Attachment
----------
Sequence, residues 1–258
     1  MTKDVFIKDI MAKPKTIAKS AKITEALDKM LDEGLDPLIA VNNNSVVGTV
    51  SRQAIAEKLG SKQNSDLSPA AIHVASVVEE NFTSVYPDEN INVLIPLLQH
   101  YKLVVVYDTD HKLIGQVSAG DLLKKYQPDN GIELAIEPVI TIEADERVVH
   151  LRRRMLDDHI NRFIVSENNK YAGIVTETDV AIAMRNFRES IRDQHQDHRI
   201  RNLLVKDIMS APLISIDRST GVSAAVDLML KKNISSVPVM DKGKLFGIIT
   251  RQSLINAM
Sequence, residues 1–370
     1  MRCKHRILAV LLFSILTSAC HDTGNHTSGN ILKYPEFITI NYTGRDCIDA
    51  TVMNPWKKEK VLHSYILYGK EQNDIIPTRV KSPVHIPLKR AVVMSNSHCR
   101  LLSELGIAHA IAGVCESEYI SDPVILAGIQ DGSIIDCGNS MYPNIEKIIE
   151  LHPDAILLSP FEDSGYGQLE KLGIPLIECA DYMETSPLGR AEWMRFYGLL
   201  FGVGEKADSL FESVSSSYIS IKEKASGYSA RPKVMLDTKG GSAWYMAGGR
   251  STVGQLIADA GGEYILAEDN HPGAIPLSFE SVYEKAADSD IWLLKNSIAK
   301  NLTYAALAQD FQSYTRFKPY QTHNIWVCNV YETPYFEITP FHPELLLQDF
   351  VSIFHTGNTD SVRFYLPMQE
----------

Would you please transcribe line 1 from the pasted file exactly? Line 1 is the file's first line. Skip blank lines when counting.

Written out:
Sequence, residues 1–258